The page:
Wayne was half the soul of North Hill, that magical northern place of verdant gardens, music, farm animals, and good food, created, refined, and nurtured for several decades in partnership with Joe Eck. We, the public, were privy to their life there through their writings in a number of entrancing books, the most recent being Our Life in Gardens.
A few of us were even more fortunate. Wayne was an inveterate letter-writer, effortlessly filling pages in a manner more common in an earlier century. For a number of years, he and I carried on a conversation through e-mail, weekly, sometimes daily, about our separate lives, what filled our days, about our thoughts and feelings. In this way we became intimate with each other, more than our periodic visits could possibly afford.
Wayne was an early riser, routinely composing his letters before Joe was awake, before it was time to get breakfast, sitting at an ample desk in his charmingly arranged bedroom with his adored canaries for company. In those early morning hours, he wrote of their travels, to give talks or design gardens, always describing the place and the people with a
masterly eye for detail, invariably inserting an appropriate quote from some classic novel or play or poem that I might have read but certainly had forgotten, for his memory was prodigious, and literature was a life blood, infusing his thoughts. But mostly Wayne wrote about their life at North Hill. The weather was recorded, of course, so vital a detail to us gardeners, and always what was happening in the garden. In the dead of winter with snow piled outside the windows he described the camellias flowering in the little greenhouse off the kitchen, and how he would pick one of two for the table. He wrote of the view from the bathroom window when the stewartia was covered with ravishing white saucers in June. In early spring he marvelled at their field of daffodils and at the succesion of magnolias opening their waxy cups and scenting the air in defiance of frost. He offered precious tidbits of gardening advice, how best to grow the primrose seed he sent us, in a flat left out all winter, or how the handsome Begonia sutherlandii he gave us would go dormant in late fall, but could be revived the following spring.
He wrote too about their adventures with their animals, how the calf got loose and was caught finally by their treasured helper John who had a way with the beasts; how they fattened their two pigs in early fall with heirloom apples that were a windfall from the orchard at Scott Farm, providing them with a last feast for a month or two before they were slaughtered.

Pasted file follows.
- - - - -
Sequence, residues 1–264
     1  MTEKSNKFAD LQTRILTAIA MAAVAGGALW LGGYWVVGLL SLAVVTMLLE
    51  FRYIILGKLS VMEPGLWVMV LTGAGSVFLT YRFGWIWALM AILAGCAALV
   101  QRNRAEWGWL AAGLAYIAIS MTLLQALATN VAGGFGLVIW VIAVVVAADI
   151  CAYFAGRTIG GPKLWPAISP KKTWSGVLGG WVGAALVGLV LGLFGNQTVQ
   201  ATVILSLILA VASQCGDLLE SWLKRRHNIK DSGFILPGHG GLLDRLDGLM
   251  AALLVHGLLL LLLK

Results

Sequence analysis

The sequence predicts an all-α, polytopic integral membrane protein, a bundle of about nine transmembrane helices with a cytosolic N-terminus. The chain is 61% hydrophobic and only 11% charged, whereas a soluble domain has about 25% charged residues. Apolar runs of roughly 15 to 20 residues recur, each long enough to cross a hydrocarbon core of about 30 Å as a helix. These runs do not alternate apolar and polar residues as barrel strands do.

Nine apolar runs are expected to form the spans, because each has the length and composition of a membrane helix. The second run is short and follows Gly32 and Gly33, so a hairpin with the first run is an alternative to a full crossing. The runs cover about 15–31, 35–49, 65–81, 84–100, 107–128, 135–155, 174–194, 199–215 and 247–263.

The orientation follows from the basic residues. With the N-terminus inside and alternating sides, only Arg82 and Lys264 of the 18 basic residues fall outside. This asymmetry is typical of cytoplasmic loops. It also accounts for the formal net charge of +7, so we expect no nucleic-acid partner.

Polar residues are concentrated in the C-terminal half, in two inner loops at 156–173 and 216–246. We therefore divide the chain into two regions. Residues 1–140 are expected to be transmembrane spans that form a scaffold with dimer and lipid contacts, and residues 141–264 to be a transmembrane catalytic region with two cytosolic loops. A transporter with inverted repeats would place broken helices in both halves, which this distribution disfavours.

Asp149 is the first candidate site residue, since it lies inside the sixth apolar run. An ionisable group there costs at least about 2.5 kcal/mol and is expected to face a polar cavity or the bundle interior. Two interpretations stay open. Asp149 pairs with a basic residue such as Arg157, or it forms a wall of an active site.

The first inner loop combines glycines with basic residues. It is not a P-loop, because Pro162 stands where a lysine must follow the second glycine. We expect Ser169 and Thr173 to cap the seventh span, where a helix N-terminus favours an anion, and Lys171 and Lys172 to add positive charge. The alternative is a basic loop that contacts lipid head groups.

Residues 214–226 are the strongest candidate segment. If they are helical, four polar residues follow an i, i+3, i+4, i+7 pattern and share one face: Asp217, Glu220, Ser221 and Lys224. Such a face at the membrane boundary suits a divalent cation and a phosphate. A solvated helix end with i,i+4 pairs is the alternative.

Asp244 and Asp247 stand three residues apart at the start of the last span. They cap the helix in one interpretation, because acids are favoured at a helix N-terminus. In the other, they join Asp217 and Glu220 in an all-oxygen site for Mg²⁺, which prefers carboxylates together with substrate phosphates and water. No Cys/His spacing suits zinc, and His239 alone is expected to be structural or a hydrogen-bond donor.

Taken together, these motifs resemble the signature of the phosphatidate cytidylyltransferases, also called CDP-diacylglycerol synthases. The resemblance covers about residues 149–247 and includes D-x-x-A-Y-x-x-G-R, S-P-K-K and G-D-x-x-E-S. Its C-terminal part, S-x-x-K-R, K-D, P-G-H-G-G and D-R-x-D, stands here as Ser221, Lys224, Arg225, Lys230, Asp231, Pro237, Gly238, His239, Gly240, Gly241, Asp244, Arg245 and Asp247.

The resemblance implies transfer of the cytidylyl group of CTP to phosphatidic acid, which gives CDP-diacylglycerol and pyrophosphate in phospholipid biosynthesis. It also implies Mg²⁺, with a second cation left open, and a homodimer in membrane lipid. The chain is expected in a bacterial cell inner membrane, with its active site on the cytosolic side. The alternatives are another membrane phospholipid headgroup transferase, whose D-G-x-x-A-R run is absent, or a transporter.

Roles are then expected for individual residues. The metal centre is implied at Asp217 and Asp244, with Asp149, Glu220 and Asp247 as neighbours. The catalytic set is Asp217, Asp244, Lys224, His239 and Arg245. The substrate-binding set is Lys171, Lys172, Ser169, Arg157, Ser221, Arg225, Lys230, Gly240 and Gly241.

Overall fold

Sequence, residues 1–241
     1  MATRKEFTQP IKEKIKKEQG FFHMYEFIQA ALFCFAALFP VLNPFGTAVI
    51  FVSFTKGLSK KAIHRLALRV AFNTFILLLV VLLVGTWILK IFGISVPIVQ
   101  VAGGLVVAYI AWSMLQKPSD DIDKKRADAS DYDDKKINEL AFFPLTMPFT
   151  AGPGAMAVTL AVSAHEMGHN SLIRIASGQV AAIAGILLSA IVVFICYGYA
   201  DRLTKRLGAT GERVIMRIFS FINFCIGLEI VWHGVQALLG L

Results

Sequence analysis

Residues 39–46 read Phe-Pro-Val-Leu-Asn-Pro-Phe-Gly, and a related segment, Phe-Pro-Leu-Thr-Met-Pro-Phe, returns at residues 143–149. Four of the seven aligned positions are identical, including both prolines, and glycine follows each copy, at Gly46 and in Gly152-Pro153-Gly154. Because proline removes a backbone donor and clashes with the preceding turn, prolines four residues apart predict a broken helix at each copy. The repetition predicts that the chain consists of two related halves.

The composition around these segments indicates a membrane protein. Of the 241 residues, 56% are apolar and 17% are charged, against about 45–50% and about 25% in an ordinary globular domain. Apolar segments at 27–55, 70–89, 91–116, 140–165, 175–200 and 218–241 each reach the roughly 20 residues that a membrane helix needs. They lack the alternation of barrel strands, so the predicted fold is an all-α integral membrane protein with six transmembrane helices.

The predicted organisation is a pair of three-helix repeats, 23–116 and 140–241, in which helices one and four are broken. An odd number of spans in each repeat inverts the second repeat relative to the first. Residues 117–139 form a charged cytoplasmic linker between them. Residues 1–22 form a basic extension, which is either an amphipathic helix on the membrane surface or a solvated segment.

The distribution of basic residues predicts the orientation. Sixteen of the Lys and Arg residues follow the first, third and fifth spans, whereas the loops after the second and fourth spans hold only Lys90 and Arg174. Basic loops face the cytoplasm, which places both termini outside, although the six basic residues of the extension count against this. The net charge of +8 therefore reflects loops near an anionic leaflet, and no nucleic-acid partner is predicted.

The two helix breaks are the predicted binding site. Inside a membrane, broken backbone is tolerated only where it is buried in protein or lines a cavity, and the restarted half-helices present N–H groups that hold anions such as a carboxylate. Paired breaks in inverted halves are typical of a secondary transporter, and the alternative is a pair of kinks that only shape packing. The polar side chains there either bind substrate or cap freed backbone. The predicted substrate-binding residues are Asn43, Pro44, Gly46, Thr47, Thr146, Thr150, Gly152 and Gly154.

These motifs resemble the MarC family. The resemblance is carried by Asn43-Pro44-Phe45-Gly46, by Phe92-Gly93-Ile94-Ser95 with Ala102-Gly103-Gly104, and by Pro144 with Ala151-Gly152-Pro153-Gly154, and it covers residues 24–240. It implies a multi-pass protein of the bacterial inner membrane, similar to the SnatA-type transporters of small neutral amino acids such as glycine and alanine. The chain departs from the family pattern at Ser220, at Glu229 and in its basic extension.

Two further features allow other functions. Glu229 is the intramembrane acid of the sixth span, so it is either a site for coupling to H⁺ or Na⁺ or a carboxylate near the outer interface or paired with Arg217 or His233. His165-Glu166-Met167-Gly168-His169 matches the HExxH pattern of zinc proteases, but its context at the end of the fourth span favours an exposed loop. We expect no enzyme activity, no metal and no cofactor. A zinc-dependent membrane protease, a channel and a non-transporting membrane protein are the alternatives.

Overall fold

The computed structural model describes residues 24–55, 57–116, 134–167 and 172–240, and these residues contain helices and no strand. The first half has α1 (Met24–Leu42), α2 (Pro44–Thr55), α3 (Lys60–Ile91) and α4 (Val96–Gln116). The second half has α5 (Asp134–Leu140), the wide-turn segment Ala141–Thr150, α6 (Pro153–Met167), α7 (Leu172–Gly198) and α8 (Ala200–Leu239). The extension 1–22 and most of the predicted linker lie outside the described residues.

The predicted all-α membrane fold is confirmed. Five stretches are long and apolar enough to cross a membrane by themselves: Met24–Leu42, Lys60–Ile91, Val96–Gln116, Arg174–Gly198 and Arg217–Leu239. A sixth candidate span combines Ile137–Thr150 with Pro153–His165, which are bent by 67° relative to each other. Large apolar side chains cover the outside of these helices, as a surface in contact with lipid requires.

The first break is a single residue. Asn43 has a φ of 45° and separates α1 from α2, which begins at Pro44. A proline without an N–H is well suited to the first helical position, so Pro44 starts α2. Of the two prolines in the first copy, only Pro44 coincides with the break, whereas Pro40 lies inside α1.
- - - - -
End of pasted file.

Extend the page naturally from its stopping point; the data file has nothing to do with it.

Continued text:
He wrote about their nest, how he would polish the kitchen floor before company arrived, and spend winter days painting one room and then another, and lovingly rearranging their collection of art and artifacts, paintings and crockery. Music was a huge part of Wayne’s life with Joe, and they invited musicians to come give concerts in the intimacy of their living room where Kipling’s piano had pride of place.
Wayne reported who was coming to visit–their beloved adopted son Fotios and his friends most frequently, but also a stream of visitors and houseguests in spring and summer. He used to say that he and Joe were hermits, which was demonstrably untrue, except perhaps in the depths of winter. Always, at the end of a letter, he described in detail what he was cooking for his friends and family– the chicken pot pie made with
broth from one of their old hens, the pork chops or ribs with green Egyptian onions pulled from the vegetable garden when the earth was still cold and damp in April. Food was one of his gifts, the making of food, and he planned his menus way in advance–he said he didn’t like surprises. The meals he made were, for him, an offering of love, an expression of the place.
In his letters, he spoke of his feelings, struggling occasionally with depression in the long winters, and even briefly in mid-summer, feeling deflated after the fresh thrill and spectacular show of spring in their garden. Wayne was sometimes nervous in company, tense and overly-excited, due to an innate shyness, I think. But at his desk, the words, the thoughts, the ease of friendship flowed from his pen, or keys, beautifully expressed, without hesitation or consciousness. He was a natural writer.
He often advised me like an older brother, though he was a year or two younger, always encouraging me, admonishing me to write and write some more, not letters but books, offering to read my efforts, his love and support seeping through the computer where our dialogues were captured. I cannot yet grasp that our conversation has ended, that our wonderful friendship is no more. But, at least, we can all be comforted knowing that he has left his voice behind on the printed page.
Wayne died of heart failure at North Hill on Friday, September 17.